Initially I wondered if the shoes were loose because they were too big, however any bigger and my toes would be pressing against the solid toe protector. I have never considered my feet, especially the heels, to be particularly thin, but there was definitely too much width at the back. The shoes have a strap going around the back attached to the laces, however if you try to tie the laces too tight, the pressure is forced onto the top of your foot where some padding is missing from the tongue. A diagram may help:
In order to tighten the strap at the back (arrow 1), attached to the laces (arrow 2), you need to tighten the laces (arrow 3) – however this puts pressure on the part of tongue without padding (area 4 – presumably missed out to improve movement), causing discomfort and bruising on the top of your foot.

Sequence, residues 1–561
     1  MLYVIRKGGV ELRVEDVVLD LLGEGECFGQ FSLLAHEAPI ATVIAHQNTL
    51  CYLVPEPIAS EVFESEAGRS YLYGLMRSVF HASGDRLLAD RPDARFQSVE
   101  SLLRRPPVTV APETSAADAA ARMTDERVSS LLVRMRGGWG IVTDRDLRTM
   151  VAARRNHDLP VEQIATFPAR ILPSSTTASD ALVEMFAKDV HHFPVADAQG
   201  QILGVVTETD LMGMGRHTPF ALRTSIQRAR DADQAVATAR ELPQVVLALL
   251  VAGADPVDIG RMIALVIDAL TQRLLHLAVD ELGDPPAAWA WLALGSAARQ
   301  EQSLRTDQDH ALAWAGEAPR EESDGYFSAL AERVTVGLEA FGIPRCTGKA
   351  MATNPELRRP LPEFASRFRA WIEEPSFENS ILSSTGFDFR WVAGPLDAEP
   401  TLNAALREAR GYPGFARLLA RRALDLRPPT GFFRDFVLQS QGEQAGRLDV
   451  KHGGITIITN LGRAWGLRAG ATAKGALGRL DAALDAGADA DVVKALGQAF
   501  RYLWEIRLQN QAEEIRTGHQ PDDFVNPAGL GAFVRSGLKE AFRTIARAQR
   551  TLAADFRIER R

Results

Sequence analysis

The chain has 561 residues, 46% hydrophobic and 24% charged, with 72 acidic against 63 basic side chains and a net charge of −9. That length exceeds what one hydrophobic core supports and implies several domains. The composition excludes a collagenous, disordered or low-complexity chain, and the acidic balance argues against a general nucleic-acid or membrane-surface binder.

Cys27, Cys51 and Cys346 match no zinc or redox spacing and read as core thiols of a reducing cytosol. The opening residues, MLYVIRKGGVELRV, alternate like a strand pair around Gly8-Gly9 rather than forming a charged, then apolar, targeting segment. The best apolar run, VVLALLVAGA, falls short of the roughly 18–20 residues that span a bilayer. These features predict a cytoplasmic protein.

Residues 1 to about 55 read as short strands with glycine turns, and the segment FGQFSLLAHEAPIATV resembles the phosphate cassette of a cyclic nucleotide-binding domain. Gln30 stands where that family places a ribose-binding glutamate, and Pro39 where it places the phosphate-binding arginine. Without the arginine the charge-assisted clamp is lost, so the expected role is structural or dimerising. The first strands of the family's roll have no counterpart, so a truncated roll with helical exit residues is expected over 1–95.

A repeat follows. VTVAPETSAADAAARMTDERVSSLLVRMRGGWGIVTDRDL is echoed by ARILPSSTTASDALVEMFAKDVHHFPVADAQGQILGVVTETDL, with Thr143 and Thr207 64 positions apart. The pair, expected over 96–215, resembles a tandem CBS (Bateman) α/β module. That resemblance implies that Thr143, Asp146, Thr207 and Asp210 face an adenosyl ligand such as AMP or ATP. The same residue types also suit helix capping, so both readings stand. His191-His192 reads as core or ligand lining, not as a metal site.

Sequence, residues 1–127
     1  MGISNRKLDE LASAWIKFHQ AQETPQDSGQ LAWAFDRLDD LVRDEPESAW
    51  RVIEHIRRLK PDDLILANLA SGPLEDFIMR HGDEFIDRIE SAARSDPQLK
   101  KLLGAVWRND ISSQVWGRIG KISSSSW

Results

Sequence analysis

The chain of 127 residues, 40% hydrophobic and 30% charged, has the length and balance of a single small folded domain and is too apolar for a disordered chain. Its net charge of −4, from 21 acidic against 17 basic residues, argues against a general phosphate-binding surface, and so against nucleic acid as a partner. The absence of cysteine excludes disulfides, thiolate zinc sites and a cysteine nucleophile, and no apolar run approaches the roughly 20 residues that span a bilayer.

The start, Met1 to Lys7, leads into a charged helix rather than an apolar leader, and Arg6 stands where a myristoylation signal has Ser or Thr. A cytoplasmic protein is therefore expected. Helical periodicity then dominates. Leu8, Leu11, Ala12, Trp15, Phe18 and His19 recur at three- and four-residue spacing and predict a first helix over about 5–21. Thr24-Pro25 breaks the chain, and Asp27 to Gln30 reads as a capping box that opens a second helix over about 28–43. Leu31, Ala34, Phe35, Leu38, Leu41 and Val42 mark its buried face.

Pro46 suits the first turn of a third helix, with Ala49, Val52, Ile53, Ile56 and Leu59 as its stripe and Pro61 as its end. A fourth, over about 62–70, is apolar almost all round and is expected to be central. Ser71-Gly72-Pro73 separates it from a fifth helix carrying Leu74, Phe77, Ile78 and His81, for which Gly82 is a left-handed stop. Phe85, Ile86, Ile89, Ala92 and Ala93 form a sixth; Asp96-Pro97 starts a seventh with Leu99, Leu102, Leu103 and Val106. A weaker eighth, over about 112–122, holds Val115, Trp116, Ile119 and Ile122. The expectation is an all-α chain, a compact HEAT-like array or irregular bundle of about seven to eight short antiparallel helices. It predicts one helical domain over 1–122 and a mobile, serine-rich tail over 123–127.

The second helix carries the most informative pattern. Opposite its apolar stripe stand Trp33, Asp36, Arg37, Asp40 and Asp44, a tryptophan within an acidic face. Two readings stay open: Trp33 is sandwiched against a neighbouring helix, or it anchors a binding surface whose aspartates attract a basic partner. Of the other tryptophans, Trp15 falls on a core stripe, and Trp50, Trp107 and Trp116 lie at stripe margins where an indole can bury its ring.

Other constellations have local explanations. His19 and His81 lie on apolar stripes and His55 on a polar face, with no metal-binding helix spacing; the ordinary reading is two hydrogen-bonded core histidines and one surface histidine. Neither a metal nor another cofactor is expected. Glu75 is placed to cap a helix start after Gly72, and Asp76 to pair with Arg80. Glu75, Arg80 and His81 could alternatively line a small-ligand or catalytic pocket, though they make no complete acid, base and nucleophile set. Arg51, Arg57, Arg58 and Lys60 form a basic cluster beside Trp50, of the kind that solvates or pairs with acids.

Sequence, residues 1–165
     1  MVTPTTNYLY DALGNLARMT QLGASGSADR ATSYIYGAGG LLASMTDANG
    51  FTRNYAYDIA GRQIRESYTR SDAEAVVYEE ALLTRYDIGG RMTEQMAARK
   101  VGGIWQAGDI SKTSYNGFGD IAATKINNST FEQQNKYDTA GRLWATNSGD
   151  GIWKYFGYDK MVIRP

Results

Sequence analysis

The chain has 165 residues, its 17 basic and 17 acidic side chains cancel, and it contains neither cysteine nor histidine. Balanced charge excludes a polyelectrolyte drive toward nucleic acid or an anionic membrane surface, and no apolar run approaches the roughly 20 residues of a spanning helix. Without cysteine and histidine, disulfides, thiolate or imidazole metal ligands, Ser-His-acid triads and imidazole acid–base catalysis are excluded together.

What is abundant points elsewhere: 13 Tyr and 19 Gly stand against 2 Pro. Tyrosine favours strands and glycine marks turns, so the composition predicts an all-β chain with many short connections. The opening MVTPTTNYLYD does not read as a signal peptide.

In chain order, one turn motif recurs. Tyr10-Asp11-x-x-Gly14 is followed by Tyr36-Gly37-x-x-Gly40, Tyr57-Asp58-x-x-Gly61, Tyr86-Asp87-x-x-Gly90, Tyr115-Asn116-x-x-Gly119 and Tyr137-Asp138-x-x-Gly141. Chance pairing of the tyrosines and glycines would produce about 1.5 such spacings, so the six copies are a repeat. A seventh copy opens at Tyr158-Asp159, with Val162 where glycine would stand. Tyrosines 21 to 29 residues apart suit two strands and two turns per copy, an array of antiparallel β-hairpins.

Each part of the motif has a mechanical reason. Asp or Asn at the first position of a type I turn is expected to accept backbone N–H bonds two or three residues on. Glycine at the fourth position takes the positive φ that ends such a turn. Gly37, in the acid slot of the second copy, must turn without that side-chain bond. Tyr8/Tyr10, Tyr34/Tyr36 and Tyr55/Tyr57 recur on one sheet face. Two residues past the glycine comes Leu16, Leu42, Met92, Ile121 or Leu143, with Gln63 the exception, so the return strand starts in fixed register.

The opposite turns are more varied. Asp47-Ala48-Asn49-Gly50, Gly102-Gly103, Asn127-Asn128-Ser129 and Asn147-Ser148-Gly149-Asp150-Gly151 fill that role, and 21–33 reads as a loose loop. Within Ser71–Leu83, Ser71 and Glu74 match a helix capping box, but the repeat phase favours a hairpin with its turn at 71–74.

Not to be put off, the following day I went on another date – this time a 16 mile hike on varied terrain in North Bedfordshire. Although it still took me a few attempts to tie the laces satisfactory, I started perfecting the art of tightening the laces, then pulling away from the shoe (in the direction of arrow 2) to tighten the strap without tightening the laces further, before securing. By the end of the walk my feet were still bruised and some skin had rubbed on both heels (a potential blister site), but I have found since that, with a bit of practice, this mostly solves the problem. With the lacing issue sorted, I could get on with enjoying some more dates trying out some of the Targhee II’s features.